MANCHESTER-BASED theatre maker Jon Coleman graced The Kings Arms in Salford on Tuesday (July 26) with his solo show depicting gender identity, patriarchal oppression, and the crisis of masculinity. Quays News entertainment reporter Rae Coppola went along to see what the evening had in store…

The ‘four years in the making’ performance, directed by Josh Coates and Paper People Theatre, challenged the audience to think about the latter, serious issues, and hold the males to account for their inherited privilege and undeniable guilt.

To introduce the show, Coleman said: “This show will not teach you how to be a man. If that’s what you’re expecting, you shouldn’t. It will fail.”

This captivated the audience from the get-go, instantly forcing the cogs in their brains to turn and their confused minds to wonder what they had actually got themselves into.

It was not going to be a show of contradictory opinions, but instead a well-informed series of storytelling aiming to raise awareness for gender inequality.

He admitted his privilege with open arms, but levelled with the audience by explaining that it was thrust upon him, and he has no liberty to change the status quo alone.

This set the tone for the remainder of the show, and destroyed any thoughts of: ‘What does a white, middle class, straight, western man know about gender identity?’

Coleman made great use of the lighting and space, and incorporated Simone Romaniuk’s set design into his story re-enactments to enable the audience to really visualise the scenes.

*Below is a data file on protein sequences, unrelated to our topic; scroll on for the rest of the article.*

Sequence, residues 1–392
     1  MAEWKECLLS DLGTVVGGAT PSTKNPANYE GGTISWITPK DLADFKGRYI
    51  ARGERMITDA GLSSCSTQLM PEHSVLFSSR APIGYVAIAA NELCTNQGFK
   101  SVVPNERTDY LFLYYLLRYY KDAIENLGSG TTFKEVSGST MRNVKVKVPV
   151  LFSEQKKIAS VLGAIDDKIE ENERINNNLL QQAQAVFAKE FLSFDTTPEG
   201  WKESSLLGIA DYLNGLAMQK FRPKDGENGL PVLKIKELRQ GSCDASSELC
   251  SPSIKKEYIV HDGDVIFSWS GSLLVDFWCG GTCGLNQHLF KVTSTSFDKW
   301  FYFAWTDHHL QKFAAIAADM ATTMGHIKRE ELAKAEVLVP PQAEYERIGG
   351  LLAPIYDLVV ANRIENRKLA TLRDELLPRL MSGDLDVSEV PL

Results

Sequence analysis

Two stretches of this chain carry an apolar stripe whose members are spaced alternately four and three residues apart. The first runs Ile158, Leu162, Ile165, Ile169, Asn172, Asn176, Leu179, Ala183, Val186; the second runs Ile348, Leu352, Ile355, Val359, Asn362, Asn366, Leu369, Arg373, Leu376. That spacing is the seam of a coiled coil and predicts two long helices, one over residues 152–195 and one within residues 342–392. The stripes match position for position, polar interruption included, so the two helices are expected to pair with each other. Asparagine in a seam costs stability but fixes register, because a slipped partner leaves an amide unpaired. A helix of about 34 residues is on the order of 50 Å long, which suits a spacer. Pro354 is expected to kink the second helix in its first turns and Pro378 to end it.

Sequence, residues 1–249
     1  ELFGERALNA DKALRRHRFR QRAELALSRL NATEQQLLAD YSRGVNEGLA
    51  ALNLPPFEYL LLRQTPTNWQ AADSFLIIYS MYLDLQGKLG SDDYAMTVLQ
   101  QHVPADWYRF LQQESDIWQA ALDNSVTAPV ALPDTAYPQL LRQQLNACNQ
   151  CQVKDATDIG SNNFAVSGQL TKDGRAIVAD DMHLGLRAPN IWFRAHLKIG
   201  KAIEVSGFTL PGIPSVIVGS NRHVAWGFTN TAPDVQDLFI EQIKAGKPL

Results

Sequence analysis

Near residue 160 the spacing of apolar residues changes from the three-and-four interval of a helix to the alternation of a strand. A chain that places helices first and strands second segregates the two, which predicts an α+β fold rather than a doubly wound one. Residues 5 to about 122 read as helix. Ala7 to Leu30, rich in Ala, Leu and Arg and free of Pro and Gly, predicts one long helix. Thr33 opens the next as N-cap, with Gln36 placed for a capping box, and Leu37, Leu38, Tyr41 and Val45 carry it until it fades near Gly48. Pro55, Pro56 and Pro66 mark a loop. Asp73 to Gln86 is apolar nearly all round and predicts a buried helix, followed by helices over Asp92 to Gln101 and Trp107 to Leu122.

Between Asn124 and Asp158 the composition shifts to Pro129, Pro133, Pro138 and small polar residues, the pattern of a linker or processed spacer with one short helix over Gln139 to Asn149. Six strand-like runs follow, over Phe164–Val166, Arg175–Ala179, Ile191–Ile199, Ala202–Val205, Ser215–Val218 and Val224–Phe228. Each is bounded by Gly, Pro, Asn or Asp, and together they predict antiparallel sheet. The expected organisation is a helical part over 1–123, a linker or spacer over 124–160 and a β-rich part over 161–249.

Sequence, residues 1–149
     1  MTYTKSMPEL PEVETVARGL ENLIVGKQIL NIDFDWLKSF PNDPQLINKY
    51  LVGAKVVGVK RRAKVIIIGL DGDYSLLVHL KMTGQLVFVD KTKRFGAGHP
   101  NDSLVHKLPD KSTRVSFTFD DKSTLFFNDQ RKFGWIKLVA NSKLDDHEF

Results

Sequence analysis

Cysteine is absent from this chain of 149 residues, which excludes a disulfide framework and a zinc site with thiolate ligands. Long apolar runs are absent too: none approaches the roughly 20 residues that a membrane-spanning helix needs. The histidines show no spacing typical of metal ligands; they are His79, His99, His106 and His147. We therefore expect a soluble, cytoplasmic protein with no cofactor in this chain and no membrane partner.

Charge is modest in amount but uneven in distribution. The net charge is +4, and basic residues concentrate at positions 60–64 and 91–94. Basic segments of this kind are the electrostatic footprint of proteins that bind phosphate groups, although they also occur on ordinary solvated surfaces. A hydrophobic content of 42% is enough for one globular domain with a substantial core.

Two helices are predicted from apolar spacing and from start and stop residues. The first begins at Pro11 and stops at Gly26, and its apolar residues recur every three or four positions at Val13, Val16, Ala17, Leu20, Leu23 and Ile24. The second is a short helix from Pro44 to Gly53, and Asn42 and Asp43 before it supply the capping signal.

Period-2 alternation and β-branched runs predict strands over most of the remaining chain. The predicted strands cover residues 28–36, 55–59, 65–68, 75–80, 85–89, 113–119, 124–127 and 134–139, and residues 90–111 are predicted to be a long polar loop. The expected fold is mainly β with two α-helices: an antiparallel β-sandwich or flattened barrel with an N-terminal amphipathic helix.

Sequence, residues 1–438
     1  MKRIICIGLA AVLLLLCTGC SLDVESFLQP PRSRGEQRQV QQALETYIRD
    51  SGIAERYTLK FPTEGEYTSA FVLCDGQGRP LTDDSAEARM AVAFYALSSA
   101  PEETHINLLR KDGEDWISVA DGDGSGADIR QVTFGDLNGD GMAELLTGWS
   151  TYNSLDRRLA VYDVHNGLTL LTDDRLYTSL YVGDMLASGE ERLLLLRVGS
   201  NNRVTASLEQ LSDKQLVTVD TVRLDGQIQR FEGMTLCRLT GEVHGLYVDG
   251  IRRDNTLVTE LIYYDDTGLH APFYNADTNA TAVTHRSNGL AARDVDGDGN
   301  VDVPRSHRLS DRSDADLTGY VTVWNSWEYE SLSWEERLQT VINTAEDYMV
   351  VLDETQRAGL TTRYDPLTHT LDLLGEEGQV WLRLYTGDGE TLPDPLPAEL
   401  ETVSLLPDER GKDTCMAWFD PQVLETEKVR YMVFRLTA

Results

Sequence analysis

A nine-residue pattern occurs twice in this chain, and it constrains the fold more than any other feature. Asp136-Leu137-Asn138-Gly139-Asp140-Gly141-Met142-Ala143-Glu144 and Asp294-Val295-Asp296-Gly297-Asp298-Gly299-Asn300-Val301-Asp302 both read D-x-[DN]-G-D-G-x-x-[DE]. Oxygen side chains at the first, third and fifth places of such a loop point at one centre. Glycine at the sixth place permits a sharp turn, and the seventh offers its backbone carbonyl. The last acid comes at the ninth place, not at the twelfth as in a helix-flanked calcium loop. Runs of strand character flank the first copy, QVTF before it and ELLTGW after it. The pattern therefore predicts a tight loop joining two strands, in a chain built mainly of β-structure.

The most striking being one about a little girl’s idea, that stemmed discussions about a parallel utopian universe, whereby a man could walk down the street wearing a dress and heels, and it be socially acceptable.

The reflective audience were subjected to some heavy content, but Coleman’s lively delivery, his way with words, and inanimate stage companions kept the mood rather light.

Two dummies, named Manford and Leo, paired with a trusty voice recorder added comic value to the show by playing devil’s advocate, and more silliness was woven through the show in the form of audience participation.

Numerous non-binary costume changes took place to demonstrate how gendered dressing is a social construct, and a book titled ‘The Art of Manliness’ that discusses the proper way for men to hug and the situations that deemed them ‘acceptable’.

Ending on a more serious note, in common with the subject matter of the whole show, Coleman sipped whiskey and offered a dramatic, thought provoking monologue, and reiterated that there is more to being a man than being violent and breaking things – although, that was essentially what he did.

Although it was more theoretical than funny, Coleman came across as a likeable, confident man, with an important message to spread.

He was talented enough to make the audience listen to what he was saying, something that they may or may not have been educated about prior to attending, and related it back to real world scenarios to help them understand the sheer scale of the problem.

His advocation for feminist and queer theory showed research, and he managed to cover the tricky terrain in a tongue-in-cheek manner, gaining the occasional laugh along the way.

It was a solid effort, and a delight to see someone so passionate about such a serious topic.

By Rae Coppola

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